Initially talked to a recruiting person at my college's career fair. After a brief talk he asked me a quick on-the-spot computer science question even though I was not applying for a technical position. It was regarding binary search "If you're trying to guess a number that I know and my only responses are yes and no, how do you do it?" Something to that effect. A few weeks later a recruiter from one of the facilities emails me regarding a phone "chat session" (30 min). This is a pre-screen to ask about things on your resume, why you want to work for the company, and why you think you're a good fit. It also double checks your credentials like how many years of experience you have, where you worked, and where you went to school (even though it's on your resume). If you seem like a fit, the recruiter sets up another phone interview (1 hr) with an actual Site Reliability Operations Analyst (SRO). The SRO continues to explain more details about the job and company, in addition to asking you questions. For this position, I was asked quite a few questions regarding how you interact with clients: how you generally deal with clients, how you deal with client pushback, how you deal with difficult or stubborn clients, how you express an unpopular opinion to a client. I thought I nailed the SRO interview because the conversation was very engaging, I had good examples/stories to back up my claims, and the interviewer went on much detail when answering my questions. Suddenly, it came to an end and I knew I didn't make it to the on-site interview. After I was done asking questions there was a pause, so I told him those were all the questions I had. Before being able to say anything else, the interviewer concluded the interview and we said our goodbyes. The tone was very rushed and different from the rest of the interview. I never received any feedback as to why I was rejected. Overall, the response time was very fast. The recruiters were friendly. The questions seemed customized to my situation and my position I was applying for. Good experience, but I just wish I could get some feedback on my performance.
- How do you tell a client that the solution we have arrived at best solves their problem even if they don't like the idea? Answer Question
Site Reliability Operations Analyst InterviewNo OfferPositive ExperienceEasy Interview
I applied through a recruiter. The process took 3 weeks. I interviewed at Palantir Technologies (McLean, VA) in July 2013.
I was sent a request via Linked-in to chat with a recruiter about Palantir. After responding, it took a couple of days of rescheduling before actually talking with the recruiter. After discussion my experience, she suggested I would fit in the Site Reliability Operations Analyst position. I had a phone interview with one of the current employees in the SROA position . The interview was short, approximately 15 minutes. I was asked general questions about my current position and what interested me in Palantir. Two days later I was set up for a second phone interview. The interview lasted about the same time. Same general questions. Next day received rejection letter mentioning my skills did not match.
Site Reliability Operations Analyst InterviewNo OfferNegative ExperienceAverage Interview
I applied online. The process took 1+ week. I interviewed at Palantir Technologies (McLean, VA).
After two phone interviews with very friendly individuals at the Palo Alto office I did my third interview (for a separate position than initially interviewed for) with someone at the McLean, VA office. Let me start by saying that the first two interviews were very straight forward and very nice. A few technical questions that were pretty easy to field followed by questions based around my work ethic and working as a party of a team. This was very encouraging because I am looking for a position that is geared more toward good work environment and good products, rather than politics and pay. The Palo Alto office seems like a very enjoyable place to work that is focused on its most important assets, its employees. The third interview with a McLean representative was quite the opposite. There were no technical questions and the interviewer seemed to have a very elitist personality. The interviewer had very little structure, he seemed to ask random questions but did not know what answers he wanted, and every question had a response of "Can you elaborate?" no matter how in depth I went. The few questions I asked were not answered such as, Q:“How is the office environment in McLean as opposed to Palo Alto?” A:“It’s an office environment.” After six minutes the interviewer abruptly stated that he had to go and hung up on me. Honestly, I would not want to work in that office after that interaction. But should I relocate to CA again one day I would definitely try for a job at the Palo Alto office. I honestly believe that Palantir has a great product and in general has a good work ethic based on the research I conducted while interviewing. Palantir is going places and would be a fantastic place to work… with the exception of those that are full of themselves.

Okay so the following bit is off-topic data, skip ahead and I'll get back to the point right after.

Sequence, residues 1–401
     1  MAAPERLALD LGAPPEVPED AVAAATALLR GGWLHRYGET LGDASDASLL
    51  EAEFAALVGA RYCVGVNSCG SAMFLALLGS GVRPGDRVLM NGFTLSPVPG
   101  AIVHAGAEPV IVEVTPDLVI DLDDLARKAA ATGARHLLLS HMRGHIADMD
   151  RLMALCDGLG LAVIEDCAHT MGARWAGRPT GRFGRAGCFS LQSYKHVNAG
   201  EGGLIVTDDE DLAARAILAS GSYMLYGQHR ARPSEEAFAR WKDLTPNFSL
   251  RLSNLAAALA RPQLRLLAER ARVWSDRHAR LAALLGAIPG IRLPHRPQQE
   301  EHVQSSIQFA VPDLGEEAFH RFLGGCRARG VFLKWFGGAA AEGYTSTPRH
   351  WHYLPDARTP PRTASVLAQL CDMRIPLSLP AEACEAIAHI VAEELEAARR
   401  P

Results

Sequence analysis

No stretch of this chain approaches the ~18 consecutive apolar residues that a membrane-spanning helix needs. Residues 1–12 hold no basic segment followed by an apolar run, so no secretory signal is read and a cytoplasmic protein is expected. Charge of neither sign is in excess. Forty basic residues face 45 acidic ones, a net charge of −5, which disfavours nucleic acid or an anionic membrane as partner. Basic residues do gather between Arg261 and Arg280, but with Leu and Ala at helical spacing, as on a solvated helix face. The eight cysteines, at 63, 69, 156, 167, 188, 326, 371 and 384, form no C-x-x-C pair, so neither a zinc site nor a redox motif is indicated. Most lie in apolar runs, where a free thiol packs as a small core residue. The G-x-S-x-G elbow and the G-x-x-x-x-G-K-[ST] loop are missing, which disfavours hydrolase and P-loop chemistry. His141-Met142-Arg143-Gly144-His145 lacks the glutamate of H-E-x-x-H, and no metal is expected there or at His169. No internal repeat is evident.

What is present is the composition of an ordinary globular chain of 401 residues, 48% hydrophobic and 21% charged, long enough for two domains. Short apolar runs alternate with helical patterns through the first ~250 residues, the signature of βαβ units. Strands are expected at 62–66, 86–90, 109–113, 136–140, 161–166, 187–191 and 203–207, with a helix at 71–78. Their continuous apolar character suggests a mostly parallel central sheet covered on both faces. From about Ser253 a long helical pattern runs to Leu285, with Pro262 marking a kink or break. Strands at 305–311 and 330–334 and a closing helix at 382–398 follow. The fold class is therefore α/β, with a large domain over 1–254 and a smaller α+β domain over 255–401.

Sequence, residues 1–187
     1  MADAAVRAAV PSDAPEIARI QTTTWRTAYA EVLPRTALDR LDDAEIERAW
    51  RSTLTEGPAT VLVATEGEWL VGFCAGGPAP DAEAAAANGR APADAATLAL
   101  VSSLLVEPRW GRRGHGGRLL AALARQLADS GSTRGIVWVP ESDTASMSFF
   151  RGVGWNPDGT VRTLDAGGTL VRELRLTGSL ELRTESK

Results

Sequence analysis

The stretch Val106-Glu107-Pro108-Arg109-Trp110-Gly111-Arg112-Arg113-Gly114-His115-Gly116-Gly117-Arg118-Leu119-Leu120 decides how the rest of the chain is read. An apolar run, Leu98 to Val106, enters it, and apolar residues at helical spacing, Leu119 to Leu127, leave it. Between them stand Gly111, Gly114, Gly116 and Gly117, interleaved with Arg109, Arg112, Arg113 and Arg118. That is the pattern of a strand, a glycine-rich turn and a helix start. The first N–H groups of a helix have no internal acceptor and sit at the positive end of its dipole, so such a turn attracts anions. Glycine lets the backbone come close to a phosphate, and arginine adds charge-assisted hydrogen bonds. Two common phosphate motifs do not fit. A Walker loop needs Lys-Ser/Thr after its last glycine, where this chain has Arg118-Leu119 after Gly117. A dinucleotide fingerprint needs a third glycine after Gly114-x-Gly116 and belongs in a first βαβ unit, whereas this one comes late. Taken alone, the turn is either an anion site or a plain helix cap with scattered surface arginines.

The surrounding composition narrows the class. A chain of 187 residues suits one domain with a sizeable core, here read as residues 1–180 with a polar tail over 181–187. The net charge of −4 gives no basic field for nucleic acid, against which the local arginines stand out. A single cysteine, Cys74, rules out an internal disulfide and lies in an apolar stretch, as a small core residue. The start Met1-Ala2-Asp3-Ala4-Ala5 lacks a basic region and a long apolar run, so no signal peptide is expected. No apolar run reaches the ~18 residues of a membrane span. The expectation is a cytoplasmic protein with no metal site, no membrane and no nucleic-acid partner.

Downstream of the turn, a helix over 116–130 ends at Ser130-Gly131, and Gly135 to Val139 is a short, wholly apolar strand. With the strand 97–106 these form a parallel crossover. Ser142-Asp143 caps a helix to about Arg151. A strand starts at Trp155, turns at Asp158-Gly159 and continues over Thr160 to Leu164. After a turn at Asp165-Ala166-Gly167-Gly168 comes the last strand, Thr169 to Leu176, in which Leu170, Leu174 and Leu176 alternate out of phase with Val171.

Site Reliability Operation Analyst InterviewNo OfferNeutral Experience
I applied through a recruiter. I interviewed at Palantir Technologies (London, England (UK)) in July 2014.
Like a few others on here I have been approached by a recruiter at Palantir Technologies via LinkedIn, via a private message even though they weren't an existing contact for a particular role - Site Reliability Operation Analyst. At first I was quite excited but after I saw the job spec realised that I wasn't a good match for the role. I also did a lot of researching into the company, including reviews on this site, and I really didn't like what I found e.g. cult-ish culture, living facilities on site (poor work life balance), unfavourable press about the "weirdness" of the CEO, not a great regard for the for non-techie roles, etc.
- None as such as I cancelled the interviewed after my research - which was taken in kind and professionally. I was surprised though to be even considered for the role as I didn't feel my profile qualified to raise even the initial interest - I am a project manager who mainly worked on Web and IT projects, but am not technical myself and yet the role asked for some heavy duty technical skills, albeit desirable (but you'd need them if you were to solving problems of your software users). Answer Question